Friday, July 30, 2010
In Banville's Booker Prize-winning novel, middle-aged Irishman Max Morden goes to the coast following the death of his wife Anna. There he reminisces about his childhood spent in the company of the enigmatic Grace family, summer visitors to The Cedars where Max is staying with the intention of writing about his life.
The prose is beautiful and the decription evocative of Ireland's west coast island villages and like any good storyteller Banville knows how to create a voice that is compelling and authentic. Early on in the narrative I easily abandoned the notion that I was actually reading and instead felt swept away by Morden's life experiences both past and present.
Banville, the novelist, knows how to keep you enthralled as he reveals layer after layer of secret and confidence between both his characters and his audience. It is a perfectly structured novel and it would be difficult to imagine that he could write anyone that's better than THE SEA.
When Teatro La Fenice burned to the ground in 1996, Venetians were outraged and heartbroken. Was it arson? A mafia hit? Mere accident?
In CITY OF FALLING ANGELS, New Yorker John Berendt tries to get to the bottom of what started the fire and in the process finds himself whirling headfirst into the complicated layers of Venetian social codes.
At one fundraising formal dinner he sits beside the Rat King, an entrepreneur who caters to the geographic tastes of rats as he develops his poisons designed to dry out their little rodent corpses. So, Italian rats nosh toxic pasta, the Dutch ones prefer a hint of cheese and salmon and the American ones scarf down granules with the styrofoam and plastic base of takeout containers.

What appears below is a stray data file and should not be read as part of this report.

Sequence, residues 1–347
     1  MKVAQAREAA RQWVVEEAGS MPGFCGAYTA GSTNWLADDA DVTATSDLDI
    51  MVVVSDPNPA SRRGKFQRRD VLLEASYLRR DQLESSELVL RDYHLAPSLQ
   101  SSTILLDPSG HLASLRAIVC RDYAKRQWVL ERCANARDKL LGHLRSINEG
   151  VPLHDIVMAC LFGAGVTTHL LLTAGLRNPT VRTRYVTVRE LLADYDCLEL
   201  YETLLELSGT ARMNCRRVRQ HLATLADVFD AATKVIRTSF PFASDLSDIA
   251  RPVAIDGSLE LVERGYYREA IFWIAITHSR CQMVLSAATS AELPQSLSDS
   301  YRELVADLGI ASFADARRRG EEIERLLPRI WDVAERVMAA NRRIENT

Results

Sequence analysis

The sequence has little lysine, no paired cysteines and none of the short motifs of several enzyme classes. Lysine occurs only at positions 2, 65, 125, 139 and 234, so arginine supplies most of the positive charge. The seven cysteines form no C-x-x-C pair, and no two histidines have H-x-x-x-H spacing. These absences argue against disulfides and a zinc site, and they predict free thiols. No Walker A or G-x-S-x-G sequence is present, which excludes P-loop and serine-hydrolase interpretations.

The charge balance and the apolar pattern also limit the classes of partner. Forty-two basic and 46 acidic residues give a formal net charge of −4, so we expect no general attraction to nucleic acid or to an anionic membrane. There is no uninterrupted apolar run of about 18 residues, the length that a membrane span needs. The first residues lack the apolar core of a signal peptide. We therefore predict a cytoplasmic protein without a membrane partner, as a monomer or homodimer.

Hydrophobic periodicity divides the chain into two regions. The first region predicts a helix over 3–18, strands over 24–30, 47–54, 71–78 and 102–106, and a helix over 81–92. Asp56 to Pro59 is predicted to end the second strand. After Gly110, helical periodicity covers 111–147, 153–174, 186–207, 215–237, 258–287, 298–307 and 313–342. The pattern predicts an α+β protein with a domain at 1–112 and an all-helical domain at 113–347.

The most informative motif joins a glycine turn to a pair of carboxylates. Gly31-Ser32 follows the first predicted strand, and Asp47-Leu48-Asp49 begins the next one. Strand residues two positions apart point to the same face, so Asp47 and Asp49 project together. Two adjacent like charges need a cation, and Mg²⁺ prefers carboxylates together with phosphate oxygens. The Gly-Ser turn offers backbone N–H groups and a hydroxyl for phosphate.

Other intriguing characters include the Murano glassblower Archimedes Seguso who created extraordinary vases with the coloured flames of the Fenice fire leaping and licking through a darkened background and the serial gerontophile Jane who first cozied up to Peggy Guggenheim and then to Ezra Pound's widow Olga Rudge.
If you are planning a trip to Venice, then Berendt's book must be in your travel bag. He is excellent entertaining and edifying company.
Wednesday, July 28, 2010
Judge Rusty Sabich and P.A. Tommy Molto go head-to-head again twenty years after Molto prosecuted Sabich for a murder which he didn't commit in Turow's legendary courtroom drama PRESUMED INNOCENT. This time the stakes are raised because Sabich is now accused of killing his wife of 35 years, Barbara.
It's a complicated case because Barbara was also being treated for bipolar disorder and as such taking a wide range of pharmacopeia and was known certainly to her family as someone easily inflamed. Barbara's health issues aside, Rusty had recently consulted a high-powered divorce lawyer, and had had an affair with a much younger woman, one of his talented law clerks.
Rusty's strained relationship with his son Nat is another fly in the ointment, though Nat is certainly prepared to support his father no matter what.